The resolution was registered for the first time in the House of Representatives on January 31 of this year.
According to its text, “Russia’s unprecedented full-scale invasion of Ukraine has reached a critical point, requiring immediate and decisive action by the international community.”
One of the possible steps towards the establishment of a special tribunal includes an agreement between Ukraine and the UN after a vote in the UN General Assembly, the document states.
The resolution, endorsed by the foreign affairs committee on May 16, called on US President Joe Biden to “take all available measures” to support the creation of a special tribunal. US State Department Ambassador for Global Criminal Justice Beth Van Schaak said in late March that the US supports the creation of a hybrid tribunal.
This system would include “the integration of professionals, judges, prosecutors, investigators, lawyers or by providing expert assistance at the request of Ukraine.”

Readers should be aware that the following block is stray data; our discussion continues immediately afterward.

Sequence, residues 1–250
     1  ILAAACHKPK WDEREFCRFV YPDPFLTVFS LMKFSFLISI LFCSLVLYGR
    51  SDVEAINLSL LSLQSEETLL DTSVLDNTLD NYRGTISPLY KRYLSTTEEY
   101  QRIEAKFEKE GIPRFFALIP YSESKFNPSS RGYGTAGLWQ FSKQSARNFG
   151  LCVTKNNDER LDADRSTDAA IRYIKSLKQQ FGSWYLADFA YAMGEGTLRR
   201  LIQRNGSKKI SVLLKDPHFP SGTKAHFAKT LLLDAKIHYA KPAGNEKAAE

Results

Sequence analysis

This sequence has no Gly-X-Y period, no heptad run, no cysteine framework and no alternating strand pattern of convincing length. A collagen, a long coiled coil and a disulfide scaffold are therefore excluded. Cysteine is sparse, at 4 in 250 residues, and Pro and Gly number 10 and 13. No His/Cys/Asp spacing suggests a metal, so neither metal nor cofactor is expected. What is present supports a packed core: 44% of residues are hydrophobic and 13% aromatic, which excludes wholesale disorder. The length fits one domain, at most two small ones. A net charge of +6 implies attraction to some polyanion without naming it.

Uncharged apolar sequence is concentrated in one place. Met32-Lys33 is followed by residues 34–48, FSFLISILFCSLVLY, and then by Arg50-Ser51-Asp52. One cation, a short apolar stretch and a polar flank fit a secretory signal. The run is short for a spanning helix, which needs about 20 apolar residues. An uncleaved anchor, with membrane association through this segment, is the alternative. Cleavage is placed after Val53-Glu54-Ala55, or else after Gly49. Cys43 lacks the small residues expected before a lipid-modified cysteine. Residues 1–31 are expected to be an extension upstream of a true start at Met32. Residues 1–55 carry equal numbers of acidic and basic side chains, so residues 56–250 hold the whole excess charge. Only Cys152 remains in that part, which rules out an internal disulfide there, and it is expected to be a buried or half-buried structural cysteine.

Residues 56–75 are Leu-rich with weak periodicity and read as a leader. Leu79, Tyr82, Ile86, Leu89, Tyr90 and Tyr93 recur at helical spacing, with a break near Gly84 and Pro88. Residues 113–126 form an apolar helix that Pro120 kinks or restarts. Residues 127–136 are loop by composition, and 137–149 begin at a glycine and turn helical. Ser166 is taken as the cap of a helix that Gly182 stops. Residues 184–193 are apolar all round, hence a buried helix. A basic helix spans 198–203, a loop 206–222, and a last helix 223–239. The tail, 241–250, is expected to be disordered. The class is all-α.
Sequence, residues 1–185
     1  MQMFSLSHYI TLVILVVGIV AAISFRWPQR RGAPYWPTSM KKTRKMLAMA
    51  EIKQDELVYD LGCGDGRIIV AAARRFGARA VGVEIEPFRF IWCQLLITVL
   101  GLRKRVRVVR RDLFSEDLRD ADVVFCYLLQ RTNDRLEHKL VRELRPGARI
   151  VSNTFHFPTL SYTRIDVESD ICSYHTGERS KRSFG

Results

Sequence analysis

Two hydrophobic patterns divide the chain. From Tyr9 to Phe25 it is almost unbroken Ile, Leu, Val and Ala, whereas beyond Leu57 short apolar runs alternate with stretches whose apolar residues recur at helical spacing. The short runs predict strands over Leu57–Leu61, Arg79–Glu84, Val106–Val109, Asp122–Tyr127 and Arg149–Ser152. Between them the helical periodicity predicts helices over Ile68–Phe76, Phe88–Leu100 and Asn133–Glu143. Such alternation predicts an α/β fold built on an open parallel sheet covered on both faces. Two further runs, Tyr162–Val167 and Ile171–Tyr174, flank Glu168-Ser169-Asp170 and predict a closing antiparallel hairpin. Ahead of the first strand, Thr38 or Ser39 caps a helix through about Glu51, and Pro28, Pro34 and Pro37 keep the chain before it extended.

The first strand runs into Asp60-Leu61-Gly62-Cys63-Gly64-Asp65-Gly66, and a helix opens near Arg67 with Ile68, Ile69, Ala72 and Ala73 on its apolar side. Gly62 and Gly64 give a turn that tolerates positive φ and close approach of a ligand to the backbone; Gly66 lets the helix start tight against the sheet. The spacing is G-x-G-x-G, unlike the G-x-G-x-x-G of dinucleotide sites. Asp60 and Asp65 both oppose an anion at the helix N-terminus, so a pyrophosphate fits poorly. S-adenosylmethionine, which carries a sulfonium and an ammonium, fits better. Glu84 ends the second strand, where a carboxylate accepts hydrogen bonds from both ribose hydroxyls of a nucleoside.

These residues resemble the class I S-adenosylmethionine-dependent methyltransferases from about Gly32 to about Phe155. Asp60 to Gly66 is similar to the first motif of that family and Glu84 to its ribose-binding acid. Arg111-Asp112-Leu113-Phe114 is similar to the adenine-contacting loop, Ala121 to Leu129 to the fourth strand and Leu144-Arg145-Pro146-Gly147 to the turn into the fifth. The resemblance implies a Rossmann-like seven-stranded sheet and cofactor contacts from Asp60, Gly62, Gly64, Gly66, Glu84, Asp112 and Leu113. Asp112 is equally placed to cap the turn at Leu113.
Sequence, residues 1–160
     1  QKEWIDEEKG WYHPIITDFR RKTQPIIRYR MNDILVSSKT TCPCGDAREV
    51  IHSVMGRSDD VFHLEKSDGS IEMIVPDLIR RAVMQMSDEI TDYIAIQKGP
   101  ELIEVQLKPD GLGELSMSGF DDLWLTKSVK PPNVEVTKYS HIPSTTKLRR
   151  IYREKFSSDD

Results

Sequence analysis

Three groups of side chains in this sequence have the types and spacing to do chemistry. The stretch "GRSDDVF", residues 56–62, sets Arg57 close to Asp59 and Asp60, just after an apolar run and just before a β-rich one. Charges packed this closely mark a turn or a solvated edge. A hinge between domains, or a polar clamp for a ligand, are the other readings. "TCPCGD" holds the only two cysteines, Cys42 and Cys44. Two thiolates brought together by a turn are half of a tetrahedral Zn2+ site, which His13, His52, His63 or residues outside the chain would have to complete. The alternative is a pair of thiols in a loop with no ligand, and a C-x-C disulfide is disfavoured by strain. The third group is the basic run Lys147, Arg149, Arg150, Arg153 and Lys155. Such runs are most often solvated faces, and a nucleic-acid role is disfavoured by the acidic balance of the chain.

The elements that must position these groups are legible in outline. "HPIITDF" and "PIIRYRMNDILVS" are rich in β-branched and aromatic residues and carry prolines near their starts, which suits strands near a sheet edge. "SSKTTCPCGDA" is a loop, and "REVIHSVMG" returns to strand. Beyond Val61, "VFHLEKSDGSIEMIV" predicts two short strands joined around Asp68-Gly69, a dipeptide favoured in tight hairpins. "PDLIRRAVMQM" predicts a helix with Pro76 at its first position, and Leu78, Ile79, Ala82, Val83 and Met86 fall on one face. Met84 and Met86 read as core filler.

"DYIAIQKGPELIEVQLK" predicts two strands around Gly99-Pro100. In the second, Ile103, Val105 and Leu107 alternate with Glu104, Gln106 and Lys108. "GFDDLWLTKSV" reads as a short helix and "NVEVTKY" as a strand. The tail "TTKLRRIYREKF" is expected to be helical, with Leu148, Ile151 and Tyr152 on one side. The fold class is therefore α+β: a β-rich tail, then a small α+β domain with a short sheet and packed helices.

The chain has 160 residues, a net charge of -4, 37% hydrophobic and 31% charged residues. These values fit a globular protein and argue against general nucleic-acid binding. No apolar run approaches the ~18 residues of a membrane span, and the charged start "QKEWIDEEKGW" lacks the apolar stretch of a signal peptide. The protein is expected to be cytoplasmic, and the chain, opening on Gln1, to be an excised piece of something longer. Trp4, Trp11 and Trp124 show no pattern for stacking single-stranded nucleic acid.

In his speech in The Hague on May 4, Zelensky said that the world “should not refer to the shortcomings of current international law, but take bold decisions” to correct them in order to obtain “full” justice. He pointed to the Nuremberg Trials as a precedent.
In February 2023, Jennifer Trahan, a professor at New York University’s Center for Global Affairs, expressed concern that a tribunal lacking full international scope could impede the prosecution of those responsible for war crimes in Ukraine.
Trahan cites numerous factors to support his argument, including the weight of decisions issued by an international tribunal compared to a non-international one. In addition, she noted that the Criminal Code of Ukraine imposes relatively light sentences of 7 to 15 years in prison for crimes related to aggression.